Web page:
Vancouver’s biggest credit union has donated money to pay homeless-shelter residents around Commercial Drive for cleaning up the streets, a move that many hope will help them connect with the community.
The Vancity Commercial Drive branch donated $1,000 to the RainCity Housing and Support Society in a show of support for the Nov. 15 opening of their temporary winter shelter on First Avenue.
The money offers RainCity a first-time chance to formalize its annual street-cleaning program by paying an hourly wage to the shelter residents who take part. Both the organization and the credit union hope the new program will strengthen the relationship between the shelter residents and the wider community.
“It’s a win-win. The neighbourhood becomes cleaner, the folks doing the clean-up are gaining work experience and generating income, and the initiative shows that we care about the community,” said RainCity communications manager Bill Briscall.
“As great as volunteerism is, these folks make far less money than we do and if we can help in someway that would be swell,” Briscall said.
RainCity staff went door-to-door to businesses in the neighbourhood
In the weeks leading up to the shelter’s opening, RainCity staff and city Coun. Andrea Reimer approached local businesses in the immediate area around the shelter to address any possible concerns.
Briscall said businesses were positive about the shelter’s impact on the homeless population in the community, and Vancity donated the money to welcome residents at the shelter as members of the community.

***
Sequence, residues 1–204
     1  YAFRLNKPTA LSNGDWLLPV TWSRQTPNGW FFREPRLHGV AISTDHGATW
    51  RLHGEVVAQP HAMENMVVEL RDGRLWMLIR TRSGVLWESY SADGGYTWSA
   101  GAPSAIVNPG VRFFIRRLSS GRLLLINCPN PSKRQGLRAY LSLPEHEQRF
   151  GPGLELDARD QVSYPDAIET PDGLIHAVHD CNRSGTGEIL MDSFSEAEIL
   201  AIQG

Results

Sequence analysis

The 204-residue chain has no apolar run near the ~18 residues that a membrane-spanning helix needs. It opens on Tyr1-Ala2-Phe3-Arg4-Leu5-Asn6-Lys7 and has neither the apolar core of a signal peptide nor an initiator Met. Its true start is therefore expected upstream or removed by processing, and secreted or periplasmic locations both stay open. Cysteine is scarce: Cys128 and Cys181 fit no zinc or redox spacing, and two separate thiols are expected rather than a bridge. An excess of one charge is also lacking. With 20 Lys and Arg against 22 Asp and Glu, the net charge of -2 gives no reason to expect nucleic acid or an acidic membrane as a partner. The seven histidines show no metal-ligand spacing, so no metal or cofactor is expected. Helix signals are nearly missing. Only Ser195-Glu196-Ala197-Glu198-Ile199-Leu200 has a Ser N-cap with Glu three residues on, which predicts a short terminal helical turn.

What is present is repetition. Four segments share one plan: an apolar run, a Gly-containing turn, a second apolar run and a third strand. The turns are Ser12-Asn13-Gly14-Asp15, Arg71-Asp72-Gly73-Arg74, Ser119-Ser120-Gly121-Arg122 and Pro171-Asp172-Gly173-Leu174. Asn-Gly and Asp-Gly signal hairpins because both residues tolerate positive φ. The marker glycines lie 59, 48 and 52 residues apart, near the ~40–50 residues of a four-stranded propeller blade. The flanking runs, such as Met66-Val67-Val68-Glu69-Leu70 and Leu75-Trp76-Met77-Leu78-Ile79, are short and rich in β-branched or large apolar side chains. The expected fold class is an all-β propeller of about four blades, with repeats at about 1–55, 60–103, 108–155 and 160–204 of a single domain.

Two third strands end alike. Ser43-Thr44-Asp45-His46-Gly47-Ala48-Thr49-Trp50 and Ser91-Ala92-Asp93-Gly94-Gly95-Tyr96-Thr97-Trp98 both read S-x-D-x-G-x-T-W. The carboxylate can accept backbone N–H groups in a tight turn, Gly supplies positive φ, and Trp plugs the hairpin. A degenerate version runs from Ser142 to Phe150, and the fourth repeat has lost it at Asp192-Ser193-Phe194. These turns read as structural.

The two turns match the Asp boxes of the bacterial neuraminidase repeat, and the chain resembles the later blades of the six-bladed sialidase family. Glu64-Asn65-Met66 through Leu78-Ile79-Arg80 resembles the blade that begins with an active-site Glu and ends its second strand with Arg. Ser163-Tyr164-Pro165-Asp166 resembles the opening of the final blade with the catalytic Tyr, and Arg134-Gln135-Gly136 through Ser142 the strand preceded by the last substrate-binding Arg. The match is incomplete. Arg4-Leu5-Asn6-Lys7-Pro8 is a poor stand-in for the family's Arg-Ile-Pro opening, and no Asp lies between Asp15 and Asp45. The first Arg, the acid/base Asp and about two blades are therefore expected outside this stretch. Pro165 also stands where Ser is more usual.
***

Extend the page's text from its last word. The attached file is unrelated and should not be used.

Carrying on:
How long the donation will last depends on how many shelter residents take advantage of the new program.
“We are thinking it will last for sure one month,” Briscall said. The organization is currently talking to Vancity about expanding the program.
A larger donation of $10,000 is under discussion between the credit union and the shelter’s organizers. RainCity has asked Vancity for the larger donation and explained that it would allow them to continue the cleaning project around Commercial Drive into the new year as well as to offer the program at the organization’s other winter shelter on Hornby Street when it opens on Dec.1.
“No concerns” from residents about the shelter
The winter shelter was met with mixed responses upon its reopening.
“I think it’s absolutely fabulous,” said Grandview Woodland Area Council president Dorothy Barkley. The GWAC, a neighbourhood council, represents the interests of residents in the area.
“GWAC had no concerns about the last year’s shelter and has no reason to have any this year,” says Barkley. “Certainly no one has brought any to GWAC’s attention. We have every faith in RainCity’s management and supervision of the project.”
But not everyone in the area agrees with Barkley.
Mark Steele, a local resident and the produce manager at the Super Valu grocery store on First Avenue, said that he and the other managers felt it was poorly managed and that, as a result, the store experienced high volumes of theft.
“It has already started happening this year. A man came into the store, stole $220 worth of meat and ran across the street towards the shelter.”
Steele, who was homeless for three years and spent a year living in shelters in the downtown core, added that neighbourhood sweeps are a good thing if they are volunteer-based.
“[The homeless] can learn to incorporate themselves back into society by being in touch with a community,” he said.
Steele takes issue with the fact that the shelter residents will be paid. He said it would diminish the learning experience.
“I don’t think people should be paid in cash for cleaning up the street,” said Steele. “That money could be used for other things. My own experience with homelessness and addiction is getting cash is not always a good thing.”
He added that he would much rather see RainCity use the donation to fund other mentorship programs like job training.